“If you don’t know Lahore, you don’t know life.”
That’s what they say here, and after you’ve seen Lahore’s bazaar, you know it’s true. This city is a Microenterprise Mecca. Watching its inhabitants buzzing about their business you understand the meaning of the term ‘work ethic’. Yesterday, we met a young man, a cabinet maker coated with saw dust, who took some time out from producing headboards and end tables to describe his day for us. “I arrive at 7 a.m., and leave after midnight”. The product of his toil is sold in showrooms at four times what his customers pay him. His dream, naturally, is to one day have his own showroom.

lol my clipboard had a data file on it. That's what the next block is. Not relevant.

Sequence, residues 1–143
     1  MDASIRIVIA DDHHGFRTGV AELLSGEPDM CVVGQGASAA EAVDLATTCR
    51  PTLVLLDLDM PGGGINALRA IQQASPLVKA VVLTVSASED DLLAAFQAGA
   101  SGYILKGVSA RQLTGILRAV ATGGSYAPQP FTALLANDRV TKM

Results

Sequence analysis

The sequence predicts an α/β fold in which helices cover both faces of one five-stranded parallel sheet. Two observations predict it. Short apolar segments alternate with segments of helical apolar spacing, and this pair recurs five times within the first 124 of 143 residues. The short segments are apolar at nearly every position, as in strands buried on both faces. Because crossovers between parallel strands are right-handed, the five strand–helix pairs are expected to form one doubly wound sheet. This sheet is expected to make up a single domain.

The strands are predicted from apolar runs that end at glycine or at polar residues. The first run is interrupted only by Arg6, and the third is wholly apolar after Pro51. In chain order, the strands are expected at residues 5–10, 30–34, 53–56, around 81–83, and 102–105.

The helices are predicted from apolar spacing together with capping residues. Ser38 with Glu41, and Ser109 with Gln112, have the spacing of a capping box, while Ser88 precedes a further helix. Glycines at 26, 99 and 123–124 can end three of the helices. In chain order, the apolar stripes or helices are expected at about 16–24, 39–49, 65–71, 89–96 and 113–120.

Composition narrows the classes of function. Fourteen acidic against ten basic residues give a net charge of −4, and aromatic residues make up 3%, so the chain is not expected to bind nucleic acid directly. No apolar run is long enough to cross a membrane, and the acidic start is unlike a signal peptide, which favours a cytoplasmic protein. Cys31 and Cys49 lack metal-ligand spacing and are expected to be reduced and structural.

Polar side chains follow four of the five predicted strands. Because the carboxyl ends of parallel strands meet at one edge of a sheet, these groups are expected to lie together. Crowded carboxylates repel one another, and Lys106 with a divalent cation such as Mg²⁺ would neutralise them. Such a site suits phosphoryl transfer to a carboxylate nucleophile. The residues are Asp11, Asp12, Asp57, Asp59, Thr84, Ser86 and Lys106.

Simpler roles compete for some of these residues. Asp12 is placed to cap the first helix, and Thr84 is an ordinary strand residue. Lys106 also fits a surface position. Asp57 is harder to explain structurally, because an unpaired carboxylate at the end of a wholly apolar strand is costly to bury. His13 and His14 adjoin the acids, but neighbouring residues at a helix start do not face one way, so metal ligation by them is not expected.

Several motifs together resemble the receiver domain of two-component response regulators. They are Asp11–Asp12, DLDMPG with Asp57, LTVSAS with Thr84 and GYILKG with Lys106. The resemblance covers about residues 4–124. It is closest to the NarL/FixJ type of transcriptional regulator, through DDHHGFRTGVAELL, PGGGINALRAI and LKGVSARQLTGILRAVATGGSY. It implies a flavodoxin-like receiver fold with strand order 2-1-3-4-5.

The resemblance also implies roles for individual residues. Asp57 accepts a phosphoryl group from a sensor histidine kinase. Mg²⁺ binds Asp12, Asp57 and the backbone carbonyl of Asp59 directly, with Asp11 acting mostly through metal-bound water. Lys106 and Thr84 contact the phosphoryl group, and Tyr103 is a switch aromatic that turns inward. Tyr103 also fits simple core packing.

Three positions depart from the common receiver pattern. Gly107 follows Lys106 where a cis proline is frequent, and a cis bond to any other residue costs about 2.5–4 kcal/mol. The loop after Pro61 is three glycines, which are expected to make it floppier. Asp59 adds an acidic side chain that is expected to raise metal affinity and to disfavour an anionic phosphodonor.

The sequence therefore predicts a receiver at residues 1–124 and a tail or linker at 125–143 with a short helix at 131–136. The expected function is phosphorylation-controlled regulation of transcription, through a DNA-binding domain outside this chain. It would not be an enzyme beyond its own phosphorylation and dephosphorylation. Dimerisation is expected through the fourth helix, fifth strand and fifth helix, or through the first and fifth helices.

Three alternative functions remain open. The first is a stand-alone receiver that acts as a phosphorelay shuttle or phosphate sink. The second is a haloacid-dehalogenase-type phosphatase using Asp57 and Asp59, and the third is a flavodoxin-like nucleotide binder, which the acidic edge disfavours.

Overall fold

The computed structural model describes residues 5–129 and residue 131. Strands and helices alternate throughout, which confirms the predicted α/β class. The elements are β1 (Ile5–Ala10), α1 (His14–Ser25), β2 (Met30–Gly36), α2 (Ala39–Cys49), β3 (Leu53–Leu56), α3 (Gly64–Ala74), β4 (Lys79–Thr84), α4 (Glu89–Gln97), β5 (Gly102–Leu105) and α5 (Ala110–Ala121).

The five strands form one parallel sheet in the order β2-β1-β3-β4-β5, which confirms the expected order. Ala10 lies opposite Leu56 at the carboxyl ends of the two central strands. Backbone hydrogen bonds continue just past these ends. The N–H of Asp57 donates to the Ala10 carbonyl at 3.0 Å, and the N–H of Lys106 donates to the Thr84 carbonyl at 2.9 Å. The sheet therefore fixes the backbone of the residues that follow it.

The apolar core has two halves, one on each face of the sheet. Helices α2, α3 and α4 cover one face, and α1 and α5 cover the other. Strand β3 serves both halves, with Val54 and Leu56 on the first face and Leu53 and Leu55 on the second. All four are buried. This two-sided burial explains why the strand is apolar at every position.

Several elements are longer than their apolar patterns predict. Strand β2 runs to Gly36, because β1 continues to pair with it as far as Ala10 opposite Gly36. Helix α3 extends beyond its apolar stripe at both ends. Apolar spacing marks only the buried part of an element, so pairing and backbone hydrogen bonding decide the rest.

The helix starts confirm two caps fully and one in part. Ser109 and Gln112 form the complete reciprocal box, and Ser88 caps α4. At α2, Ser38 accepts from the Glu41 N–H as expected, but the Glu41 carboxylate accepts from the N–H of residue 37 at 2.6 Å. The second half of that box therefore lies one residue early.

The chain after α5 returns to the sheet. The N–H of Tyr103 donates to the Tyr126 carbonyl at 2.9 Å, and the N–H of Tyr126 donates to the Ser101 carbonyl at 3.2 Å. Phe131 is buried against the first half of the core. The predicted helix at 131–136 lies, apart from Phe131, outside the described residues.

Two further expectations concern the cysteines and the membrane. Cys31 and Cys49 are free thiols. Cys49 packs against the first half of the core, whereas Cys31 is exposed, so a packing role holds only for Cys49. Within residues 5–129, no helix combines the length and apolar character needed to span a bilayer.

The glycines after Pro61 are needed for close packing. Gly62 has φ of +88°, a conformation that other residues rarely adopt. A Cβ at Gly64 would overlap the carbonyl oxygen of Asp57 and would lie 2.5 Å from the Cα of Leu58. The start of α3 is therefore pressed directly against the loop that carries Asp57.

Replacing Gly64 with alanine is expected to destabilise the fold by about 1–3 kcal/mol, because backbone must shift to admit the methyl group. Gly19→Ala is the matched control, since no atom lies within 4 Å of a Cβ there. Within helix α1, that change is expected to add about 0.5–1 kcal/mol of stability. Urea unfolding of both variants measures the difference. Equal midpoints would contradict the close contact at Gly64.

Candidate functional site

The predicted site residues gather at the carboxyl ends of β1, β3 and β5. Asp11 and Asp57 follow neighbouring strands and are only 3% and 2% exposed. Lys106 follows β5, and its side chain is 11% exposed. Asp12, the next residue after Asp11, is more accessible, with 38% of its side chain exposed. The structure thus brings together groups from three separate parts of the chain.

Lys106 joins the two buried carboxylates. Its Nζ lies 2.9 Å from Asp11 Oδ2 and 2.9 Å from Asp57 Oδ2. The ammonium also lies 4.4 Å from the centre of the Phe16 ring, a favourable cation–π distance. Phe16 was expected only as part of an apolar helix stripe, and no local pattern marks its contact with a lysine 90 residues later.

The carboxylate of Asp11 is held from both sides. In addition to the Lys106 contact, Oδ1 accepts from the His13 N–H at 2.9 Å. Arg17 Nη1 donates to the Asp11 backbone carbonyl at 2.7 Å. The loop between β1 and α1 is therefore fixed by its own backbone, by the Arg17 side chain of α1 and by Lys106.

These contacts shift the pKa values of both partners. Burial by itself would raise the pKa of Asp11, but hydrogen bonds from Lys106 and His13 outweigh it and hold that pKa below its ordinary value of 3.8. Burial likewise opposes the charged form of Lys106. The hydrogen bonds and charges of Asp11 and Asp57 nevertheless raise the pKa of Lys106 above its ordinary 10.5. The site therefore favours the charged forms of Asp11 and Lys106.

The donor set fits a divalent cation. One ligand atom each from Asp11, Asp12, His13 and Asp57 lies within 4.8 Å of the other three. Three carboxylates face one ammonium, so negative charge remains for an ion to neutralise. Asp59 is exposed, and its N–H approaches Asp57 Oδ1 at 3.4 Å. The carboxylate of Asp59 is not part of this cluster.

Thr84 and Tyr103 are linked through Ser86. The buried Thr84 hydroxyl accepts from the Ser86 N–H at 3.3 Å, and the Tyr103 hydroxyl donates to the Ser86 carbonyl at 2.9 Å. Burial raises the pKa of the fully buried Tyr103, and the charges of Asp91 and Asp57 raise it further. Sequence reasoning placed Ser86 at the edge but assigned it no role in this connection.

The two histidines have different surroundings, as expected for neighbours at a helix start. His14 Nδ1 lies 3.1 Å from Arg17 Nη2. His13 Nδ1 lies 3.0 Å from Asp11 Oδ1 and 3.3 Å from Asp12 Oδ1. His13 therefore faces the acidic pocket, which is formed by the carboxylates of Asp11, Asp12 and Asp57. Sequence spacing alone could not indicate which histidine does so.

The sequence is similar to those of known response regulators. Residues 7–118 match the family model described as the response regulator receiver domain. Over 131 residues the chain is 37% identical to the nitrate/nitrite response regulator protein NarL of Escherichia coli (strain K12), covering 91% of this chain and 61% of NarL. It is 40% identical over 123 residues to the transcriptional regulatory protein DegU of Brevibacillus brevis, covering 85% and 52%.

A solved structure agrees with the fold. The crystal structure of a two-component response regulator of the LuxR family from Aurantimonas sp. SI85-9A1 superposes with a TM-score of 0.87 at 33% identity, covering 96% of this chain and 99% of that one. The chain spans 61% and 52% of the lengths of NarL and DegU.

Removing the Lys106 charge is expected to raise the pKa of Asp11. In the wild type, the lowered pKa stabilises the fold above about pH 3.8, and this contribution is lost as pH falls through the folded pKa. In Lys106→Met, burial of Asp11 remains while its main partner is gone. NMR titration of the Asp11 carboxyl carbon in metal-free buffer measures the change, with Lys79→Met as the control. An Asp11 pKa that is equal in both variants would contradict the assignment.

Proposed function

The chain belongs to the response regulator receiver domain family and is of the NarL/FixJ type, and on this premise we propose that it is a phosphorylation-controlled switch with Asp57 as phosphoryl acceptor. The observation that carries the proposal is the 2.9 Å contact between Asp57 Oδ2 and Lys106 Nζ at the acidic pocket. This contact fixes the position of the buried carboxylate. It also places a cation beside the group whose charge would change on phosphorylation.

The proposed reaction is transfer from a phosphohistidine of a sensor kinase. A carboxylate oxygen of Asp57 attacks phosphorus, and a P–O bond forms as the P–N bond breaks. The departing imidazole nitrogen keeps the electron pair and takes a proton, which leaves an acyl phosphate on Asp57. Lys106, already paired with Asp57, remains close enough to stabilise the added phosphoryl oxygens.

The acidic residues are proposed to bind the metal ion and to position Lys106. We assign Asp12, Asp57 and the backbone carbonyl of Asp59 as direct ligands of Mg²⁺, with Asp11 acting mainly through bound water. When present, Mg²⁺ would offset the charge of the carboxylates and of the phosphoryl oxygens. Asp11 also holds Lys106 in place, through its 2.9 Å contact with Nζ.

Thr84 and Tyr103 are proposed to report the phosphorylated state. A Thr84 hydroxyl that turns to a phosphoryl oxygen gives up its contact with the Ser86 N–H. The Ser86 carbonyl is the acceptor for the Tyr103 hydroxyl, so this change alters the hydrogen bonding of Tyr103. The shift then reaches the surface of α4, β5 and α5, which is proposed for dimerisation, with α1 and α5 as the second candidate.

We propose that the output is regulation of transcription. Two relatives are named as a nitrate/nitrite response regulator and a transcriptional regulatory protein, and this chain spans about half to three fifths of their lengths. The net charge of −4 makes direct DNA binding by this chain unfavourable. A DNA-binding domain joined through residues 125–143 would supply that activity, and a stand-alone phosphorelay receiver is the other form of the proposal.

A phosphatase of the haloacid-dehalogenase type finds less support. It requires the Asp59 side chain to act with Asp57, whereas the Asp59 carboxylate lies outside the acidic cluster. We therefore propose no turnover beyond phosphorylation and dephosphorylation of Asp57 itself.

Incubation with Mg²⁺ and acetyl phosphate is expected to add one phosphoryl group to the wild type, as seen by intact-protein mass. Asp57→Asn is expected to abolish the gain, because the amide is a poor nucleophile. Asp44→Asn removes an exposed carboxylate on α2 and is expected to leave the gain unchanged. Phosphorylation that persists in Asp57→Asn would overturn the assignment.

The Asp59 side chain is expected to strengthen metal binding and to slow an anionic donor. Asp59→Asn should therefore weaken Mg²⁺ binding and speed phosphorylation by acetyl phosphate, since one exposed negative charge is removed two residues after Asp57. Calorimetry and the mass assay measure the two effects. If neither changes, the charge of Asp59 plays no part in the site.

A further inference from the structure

As a colleague of mine once said about New Orleans: “If you can’t find it here, it’s because you either don’t want it or it doesn’t exist.”
Pakistan has a population of over 100 million, the vast majority of whom are microentrepreneurs. As such, it should be ideal for microfinance. It is ideal for microfinance, actually. It’s got an MFI friendly regulatory framework, an incredibly industrious population, and little competition.
So why is the penetration rate, by some estimates, as low as 5%?
Before the end of the week, I hope to solve this mystery.